This section is from the book "Nature's Garden", by Neltje Blanchan. Also available from Amazon: Nature's Garden; An Aid To Knowledge Of Our Wild Flowers And Their Insect Visitors.
Flowers - Small, white, solitary, on a slender scape 3 to 6 in. high. Sepals 5 to 7, petal-like, falling early; petals 5 or 6, inconspicuous, like club-shaped columns; stamens numerous; carpels few, the stigmatic surfaces curved. Leaves: From the base, long petioled, divided into 3 somewhat fan-shaped, shining, evergreen, sharply toothed leaflets. Rootstock: Thread-like, long, bright yellow, wiry, bitter.
Preferred Habitat - Cool mossy bogs, damp woods.
Flowering Season - May - August.
Distribution - Maryland and Minnesota northward to circumpolar regions.
The shining, evergreen, thrice-parted leaves with which this charming little plant carpets its retreats form the best of backgrounds to set off the fragile, tiny white flowers that look like small wood anemones. Why does the gold-thread choose to dwell where bees and butterflies, most flowers' best friends, rarely penetrate? Doubtless because the cool, damp habitat that develops abundant fungi also perfectly suits the fungus gnats and certain fungus-feeding beetles that are its principal benefactors. "The entire flower is constructed with reference to their visits," says Mr. Clarence Moores Weed; " the showy sepals attract their attention; the abnormal petals furnish them food; the many small stamens with white anthers and white pollen furnish a surface to walk upon, and a foreground in which the yellow nectar-cups are distinctly visible; the long-spreading recurved stigmas cover so large a portion of the blossom that it would be difficult even for one of the tiny visitors to take many steps without contact with one of them." On a sunny June day the lens usually reveals at least one tiny gnat making his way from one club-shaped petal to another - for the insignificant petals are mere nectaries - and transferring pollen from flower to flower.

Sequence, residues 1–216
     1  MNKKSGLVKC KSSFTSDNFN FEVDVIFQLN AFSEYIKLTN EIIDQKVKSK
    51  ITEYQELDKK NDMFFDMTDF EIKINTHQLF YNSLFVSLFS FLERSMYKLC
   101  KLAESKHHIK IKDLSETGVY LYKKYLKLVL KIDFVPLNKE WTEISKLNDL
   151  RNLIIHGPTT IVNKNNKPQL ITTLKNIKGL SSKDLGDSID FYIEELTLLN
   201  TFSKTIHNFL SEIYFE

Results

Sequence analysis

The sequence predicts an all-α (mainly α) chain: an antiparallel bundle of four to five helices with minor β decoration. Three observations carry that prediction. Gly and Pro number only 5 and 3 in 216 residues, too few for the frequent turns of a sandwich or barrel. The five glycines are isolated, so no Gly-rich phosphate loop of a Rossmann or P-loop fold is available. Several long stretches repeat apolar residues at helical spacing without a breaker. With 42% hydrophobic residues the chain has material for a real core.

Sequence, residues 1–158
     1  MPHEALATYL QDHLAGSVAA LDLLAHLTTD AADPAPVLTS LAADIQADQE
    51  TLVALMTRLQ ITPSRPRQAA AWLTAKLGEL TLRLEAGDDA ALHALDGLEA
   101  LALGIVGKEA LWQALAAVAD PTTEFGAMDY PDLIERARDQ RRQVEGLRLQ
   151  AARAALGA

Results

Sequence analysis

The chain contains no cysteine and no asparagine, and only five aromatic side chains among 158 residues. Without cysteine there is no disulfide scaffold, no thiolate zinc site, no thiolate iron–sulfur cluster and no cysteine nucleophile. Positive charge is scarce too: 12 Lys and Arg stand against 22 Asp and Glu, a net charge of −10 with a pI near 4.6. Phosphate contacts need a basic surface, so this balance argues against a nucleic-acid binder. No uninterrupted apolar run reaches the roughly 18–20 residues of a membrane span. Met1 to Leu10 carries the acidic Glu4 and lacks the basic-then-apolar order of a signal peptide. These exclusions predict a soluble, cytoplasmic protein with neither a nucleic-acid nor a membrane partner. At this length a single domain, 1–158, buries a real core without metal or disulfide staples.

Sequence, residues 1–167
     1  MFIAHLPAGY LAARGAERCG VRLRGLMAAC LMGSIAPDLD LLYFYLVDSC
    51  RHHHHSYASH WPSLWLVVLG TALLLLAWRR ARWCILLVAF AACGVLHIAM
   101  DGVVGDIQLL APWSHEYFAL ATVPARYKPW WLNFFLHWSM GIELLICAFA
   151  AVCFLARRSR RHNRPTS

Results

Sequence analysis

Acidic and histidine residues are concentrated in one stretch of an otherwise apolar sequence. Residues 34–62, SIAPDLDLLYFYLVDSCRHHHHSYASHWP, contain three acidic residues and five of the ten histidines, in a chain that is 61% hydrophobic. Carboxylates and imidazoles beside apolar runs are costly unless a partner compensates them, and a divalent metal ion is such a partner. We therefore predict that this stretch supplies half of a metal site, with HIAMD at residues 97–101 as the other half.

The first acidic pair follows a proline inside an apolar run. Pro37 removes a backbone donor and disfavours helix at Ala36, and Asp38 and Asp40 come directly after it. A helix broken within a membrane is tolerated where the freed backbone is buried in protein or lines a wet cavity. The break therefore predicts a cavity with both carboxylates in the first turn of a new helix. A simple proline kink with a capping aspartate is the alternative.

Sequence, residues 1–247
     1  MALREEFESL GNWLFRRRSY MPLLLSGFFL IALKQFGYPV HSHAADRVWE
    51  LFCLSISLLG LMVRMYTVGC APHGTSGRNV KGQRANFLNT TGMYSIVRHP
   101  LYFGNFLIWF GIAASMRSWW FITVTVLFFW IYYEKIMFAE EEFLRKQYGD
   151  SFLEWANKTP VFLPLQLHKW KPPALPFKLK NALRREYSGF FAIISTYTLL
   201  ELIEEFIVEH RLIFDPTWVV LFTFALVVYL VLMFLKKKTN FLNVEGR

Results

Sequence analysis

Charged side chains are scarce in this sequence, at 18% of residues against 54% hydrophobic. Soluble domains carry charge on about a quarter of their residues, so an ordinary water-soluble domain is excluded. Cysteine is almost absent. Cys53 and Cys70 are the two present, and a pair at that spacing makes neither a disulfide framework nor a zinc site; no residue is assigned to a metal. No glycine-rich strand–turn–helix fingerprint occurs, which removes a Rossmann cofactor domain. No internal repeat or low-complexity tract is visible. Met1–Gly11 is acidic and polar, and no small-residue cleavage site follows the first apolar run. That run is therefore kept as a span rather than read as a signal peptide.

Dig up a plant, and the fine tangled, yellow roots tell why it was given its name. In the good old days when decoctions of any herb that was particularly nauseous were swallowed in the simple faith that virtue resided in them in proportion to their revolting taste, the gold-thread's bitter roots furnished a tea much valued as a spring tonic and as a cure for ulcerated throats and canker-sore mouths of helpless children.